U2 Biography - The Band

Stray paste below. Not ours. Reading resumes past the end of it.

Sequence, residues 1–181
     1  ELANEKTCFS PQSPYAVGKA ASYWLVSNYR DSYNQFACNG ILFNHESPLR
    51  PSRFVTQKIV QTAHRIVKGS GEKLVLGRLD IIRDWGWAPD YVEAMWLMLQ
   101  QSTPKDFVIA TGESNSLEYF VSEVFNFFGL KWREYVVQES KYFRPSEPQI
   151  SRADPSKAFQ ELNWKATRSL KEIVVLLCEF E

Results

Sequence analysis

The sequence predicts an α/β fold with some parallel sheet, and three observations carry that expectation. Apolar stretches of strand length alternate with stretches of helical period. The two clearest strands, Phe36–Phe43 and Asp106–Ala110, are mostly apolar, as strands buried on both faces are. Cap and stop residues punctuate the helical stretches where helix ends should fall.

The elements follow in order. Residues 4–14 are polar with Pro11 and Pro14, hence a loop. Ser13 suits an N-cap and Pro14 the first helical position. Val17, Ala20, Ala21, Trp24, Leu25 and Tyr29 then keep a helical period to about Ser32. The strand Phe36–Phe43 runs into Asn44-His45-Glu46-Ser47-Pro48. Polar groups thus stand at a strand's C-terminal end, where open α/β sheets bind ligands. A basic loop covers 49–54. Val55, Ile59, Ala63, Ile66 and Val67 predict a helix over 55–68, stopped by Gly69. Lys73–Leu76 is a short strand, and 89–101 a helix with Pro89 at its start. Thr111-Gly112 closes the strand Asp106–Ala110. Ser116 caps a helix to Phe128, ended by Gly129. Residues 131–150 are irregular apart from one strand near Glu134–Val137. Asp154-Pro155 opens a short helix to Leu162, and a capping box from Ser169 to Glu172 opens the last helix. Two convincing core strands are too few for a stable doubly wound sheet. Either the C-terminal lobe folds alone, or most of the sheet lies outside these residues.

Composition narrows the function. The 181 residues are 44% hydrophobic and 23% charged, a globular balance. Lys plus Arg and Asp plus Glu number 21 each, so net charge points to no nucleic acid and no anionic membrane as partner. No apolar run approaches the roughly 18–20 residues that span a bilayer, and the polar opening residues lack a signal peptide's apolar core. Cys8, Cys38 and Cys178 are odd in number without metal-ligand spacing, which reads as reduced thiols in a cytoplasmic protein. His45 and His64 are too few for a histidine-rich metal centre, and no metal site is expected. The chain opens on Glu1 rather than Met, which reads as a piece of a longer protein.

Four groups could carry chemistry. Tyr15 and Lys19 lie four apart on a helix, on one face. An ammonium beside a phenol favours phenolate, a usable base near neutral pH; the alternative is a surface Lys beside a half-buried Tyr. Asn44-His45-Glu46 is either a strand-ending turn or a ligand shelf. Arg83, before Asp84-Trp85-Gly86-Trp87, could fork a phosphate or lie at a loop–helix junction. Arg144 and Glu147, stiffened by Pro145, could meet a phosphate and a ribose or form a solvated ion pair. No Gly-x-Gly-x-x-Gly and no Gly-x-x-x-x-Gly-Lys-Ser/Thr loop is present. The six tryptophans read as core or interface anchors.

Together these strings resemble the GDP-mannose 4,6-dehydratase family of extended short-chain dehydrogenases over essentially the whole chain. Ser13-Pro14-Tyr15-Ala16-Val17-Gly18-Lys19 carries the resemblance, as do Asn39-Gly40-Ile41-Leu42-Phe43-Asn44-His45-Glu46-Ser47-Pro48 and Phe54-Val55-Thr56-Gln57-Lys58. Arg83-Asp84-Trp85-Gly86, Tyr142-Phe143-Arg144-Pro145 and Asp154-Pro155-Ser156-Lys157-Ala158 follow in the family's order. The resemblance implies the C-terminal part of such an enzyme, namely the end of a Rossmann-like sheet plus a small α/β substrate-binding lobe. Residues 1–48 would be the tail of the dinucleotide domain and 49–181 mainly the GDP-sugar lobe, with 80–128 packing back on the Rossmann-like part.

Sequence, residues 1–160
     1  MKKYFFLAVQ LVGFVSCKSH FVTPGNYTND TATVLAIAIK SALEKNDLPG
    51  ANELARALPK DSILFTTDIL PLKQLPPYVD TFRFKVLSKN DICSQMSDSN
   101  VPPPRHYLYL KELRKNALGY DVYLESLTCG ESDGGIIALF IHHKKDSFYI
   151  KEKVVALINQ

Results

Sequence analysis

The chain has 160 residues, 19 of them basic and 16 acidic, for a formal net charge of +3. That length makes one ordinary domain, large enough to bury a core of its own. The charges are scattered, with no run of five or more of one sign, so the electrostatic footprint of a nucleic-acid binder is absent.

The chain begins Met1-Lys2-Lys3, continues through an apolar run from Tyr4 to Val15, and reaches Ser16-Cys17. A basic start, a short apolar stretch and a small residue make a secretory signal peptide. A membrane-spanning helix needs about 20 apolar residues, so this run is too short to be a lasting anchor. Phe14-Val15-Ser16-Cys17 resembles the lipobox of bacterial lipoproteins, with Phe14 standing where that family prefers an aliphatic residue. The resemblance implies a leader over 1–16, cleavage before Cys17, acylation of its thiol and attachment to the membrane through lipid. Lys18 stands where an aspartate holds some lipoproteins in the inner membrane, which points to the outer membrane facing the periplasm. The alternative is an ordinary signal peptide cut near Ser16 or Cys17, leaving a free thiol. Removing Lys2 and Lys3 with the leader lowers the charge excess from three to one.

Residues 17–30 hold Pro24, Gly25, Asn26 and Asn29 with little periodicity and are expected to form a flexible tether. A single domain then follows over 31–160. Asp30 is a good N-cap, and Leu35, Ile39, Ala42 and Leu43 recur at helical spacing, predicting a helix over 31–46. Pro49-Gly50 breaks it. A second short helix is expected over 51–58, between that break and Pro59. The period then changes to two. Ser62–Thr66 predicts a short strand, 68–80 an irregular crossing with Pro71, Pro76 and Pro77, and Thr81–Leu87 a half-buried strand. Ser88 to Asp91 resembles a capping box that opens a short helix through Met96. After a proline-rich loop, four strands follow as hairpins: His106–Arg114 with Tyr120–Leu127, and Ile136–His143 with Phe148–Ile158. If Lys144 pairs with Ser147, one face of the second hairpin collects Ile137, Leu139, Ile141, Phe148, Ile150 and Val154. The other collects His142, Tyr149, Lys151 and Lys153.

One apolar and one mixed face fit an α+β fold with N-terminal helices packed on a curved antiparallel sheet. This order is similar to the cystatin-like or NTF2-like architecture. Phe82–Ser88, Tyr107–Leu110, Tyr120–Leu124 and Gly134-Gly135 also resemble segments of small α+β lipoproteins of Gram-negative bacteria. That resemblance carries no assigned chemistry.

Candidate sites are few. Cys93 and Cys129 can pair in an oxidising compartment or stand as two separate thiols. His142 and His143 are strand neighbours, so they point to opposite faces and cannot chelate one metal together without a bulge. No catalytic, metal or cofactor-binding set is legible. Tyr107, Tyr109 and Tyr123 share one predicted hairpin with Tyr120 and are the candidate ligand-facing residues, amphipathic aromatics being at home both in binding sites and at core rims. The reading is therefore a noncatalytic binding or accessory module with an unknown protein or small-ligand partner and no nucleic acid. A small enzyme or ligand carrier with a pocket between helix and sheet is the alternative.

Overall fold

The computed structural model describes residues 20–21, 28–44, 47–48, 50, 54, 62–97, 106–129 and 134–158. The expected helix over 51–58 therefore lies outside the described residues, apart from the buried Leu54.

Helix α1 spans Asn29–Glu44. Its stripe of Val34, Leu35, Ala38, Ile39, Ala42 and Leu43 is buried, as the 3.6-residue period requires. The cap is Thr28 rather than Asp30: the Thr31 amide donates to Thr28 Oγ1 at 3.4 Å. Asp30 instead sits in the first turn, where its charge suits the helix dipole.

Indisputably one of the most popular rock acts in the world, Irish unit U2 began their musical career at school in Dublin back in 1977. Bono (b. Paul David Hewson, 10 May 1960, Dublin, Eire; vocals), The Edge (b. David Evans, 8 August 1961, Barking, Essex, England; guitar), Adam Clayton (b. 13 March 1960, Chinnor, Oxfordshire, England; bass) and Larry Mullen Jnr. (b. Laurence Mullen, 31 October 1961, Dublin, Eire; drums) initially played Rolling Stones and Beach Boys cover versions in an outfit named Feedback. They then changed their name to the Hype before finally settling on U2 in 1978. After winning a talent contest in Limerick that year, they came under the wing of manager Paul McGuinness and were subsequently signed to CBS Records Ireland. Their debut EP U2:3 featured "Out Of Control" (1979), which propelled them to number 1 in the Irish charts. They repeated that feat with "Another Day" (1980), but having been passed by CBS UK, they were free to sign a deal outside of Ireland with Island Records. Their UK debut "11 O'Clock Tick Tock", produced by Martin Hannett, was well received but failed to chart. Two further singles, "A Day Without Me" and "I Will Follow", passed with little sales while the group prepared their first album, produced by Steve Lillywhite. Boy, a moving and inspired document of adolescence, received critical approbation, which was reinforced by the live shows that U2 were undertaking throughout the country. Bono's impassioned vocals and the band's rhythmic tightness revealed them as the most promising live unit of 1981. After touring America, the band returned to Britain where "Fire" was bubbling under the Top 30. Another minor hit with the impassioned "Gloria" was followed by the strident October. The album had a thrust reinforced by a religious verve that was almost evangelical in its force. In February 1983 the band reached the UK Top 10 with "New Year's Day", a song of hope inspired by the Polish Solidarity Movement. War followed soon afterwards to critical plaudits. The album's theme covered both religious and political conflicts, especially in the key track "Sunday Bloody Sunday", which had already emerged as one of the group's most startling and moving live songs. Given their power in concert, it was inevitable that U2 would attempt to capture their essence on a live album. Under A Blood Red Sky did not disappoint and, as well as climbing to number 2 in the UK, it brought them their first significant chart placing in the USA at number 28.